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Although "gifted" is broad, it has been made far too clear that potential (implied by the student being gifted) is not enough. They need intrinsic motivation. This is fairly straightforward: The only way to make such an activity work is to get the student to be enthusiastic about some field of their choosing.

Many gifted students have ADD\ADHD (Correlation, and not causality), which means that sitting with them to get them started is no easy task. But it can be done by appealing to their strengths. If they have shown special affinity or liking of some field or subject, or have been "always interested in ...", then one should start by suggesting that field or subject.

If the student seems interested, one should proceed with explaining that research is a necessary part of the activity. From this point the student should be fairly independent, and the teacher should only be checking in from time to time. (obviously a deadline should be set...)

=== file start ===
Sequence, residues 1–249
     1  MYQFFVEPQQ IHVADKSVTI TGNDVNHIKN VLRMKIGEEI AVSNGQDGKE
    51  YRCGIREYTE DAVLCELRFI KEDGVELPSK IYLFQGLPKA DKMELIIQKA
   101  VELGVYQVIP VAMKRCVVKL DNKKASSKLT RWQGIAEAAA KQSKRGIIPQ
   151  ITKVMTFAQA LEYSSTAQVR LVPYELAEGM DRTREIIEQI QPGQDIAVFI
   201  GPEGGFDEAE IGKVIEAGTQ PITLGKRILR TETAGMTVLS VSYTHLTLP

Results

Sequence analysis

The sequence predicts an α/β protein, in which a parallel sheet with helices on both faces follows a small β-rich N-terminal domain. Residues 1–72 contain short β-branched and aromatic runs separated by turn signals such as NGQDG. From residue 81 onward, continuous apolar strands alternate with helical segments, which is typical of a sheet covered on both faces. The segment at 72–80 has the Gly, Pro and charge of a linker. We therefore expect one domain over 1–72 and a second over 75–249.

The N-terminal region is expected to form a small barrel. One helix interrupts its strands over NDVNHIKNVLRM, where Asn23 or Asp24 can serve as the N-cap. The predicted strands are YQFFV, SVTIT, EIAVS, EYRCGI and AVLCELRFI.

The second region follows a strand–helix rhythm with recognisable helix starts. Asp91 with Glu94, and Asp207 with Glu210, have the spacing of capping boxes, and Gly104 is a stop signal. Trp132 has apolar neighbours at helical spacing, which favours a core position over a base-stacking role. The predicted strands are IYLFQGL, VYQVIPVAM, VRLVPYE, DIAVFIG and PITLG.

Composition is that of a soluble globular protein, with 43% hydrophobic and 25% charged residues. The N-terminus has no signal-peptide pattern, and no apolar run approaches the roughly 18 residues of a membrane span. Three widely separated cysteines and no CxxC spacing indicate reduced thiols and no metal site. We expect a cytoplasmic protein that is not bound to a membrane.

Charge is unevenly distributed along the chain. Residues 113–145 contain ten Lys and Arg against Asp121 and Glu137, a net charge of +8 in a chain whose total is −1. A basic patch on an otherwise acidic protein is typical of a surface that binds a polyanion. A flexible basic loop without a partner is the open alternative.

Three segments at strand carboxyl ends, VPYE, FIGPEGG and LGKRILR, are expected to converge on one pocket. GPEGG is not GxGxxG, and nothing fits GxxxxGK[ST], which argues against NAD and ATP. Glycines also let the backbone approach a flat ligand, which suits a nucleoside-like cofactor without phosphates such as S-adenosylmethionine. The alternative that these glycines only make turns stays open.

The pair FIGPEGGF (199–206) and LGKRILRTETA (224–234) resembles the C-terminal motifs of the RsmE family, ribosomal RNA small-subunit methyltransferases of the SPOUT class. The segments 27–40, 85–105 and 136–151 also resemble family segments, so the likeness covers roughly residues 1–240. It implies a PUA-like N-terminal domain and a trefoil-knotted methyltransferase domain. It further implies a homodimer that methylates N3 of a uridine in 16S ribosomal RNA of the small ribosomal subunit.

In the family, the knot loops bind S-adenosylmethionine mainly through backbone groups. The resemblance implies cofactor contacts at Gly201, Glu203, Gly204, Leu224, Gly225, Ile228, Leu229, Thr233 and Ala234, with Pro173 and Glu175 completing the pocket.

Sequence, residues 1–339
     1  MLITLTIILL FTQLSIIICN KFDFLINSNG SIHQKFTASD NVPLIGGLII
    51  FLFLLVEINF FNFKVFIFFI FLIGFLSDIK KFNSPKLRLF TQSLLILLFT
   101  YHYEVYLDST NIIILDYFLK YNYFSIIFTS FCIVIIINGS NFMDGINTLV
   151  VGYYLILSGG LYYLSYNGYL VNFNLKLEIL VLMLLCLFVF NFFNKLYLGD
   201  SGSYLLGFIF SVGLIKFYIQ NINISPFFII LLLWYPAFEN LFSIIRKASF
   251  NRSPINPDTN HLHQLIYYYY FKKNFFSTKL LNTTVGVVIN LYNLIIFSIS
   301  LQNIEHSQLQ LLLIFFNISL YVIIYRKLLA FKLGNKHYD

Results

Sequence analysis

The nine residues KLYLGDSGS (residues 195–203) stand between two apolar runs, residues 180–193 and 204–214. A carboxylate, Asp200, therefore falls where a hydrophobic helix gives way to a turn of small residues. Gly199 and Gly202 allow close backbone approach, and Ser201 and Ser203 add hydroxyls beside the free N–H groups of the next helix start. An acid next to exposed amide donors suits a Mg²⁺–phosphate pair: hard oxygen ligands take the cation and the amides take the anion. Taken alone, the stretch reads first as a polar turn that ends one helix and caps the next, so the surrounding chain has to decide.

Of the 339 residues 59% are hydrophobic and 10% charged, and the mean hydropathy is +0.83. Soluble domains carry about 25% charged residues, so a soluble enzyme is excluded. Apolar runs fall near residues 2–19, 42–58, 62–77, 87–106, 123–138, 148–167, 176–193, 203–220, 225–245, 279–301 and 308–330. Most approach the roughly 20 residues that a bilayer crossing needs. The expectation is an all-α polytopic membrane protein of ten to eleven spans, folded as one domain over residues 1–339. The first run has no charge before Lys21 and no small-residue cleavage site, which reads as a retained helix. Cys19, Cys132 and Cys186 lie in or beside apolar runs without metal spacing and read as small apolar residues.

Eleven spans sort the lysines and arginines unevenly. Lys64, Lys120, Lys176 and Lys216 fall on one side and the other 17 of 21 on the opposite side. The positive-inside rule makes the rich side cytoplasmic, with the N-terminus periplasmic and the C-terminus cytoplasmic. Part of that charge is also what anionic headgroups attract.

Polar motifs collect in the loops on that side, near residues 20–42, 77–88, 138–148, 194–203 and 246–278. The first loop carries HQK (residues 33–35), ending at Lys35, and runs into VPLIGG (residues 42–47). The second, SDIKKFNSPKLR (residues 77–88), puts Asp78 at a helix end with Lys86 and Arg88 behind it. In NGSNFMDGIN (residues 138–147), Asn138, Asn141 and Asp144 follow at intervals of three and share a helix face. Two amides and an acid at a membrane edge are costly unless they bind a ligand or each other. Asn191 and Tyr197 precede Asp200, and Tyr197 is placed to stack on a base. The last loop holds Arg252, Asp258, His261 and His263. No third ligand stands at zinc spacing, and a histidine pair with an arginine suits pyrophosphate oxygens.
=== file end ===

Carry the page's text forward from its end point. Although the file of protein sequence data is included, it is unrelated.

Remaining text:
From the other side of this process, it's up to the teacher to decide whether to tell the rest of the class about the presentation. Personally I wouldn't tell the class (that keeps it a "surprise").


After learning the material, the gifted student should make a presentation (depending on the field or material chosen, perhaps an example\demonstration would be useful). Here the teacher should make it quite clear that the rest of the class are not as immersed in the material (if at all), and so the presentation should present the key points.

From a presentation such as that, the rest of the class get the basics and core ideas of the material and the gifted student learns a very, very important skill: presenting something they are fully immersed in to people who have no knowledge in the subfield. They learn how to remove unneeded details and keep only the points that don't require a whole lot of other details.

This skill is somewhat scarce among enthusiastic and motivated gifted students.

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  • $\begingroup$ Isn't "Many gifted students have ADD\ADHD" modern educatorese for "They're bored silly"? $\endgroup$ – pojo-guy Oct 4 '17 at 3:56
  • $\begingroup$ @pojo-guy it most certainly isn't. $\endgroup$ – ItamarG3 Oct 4 '17 at 6:02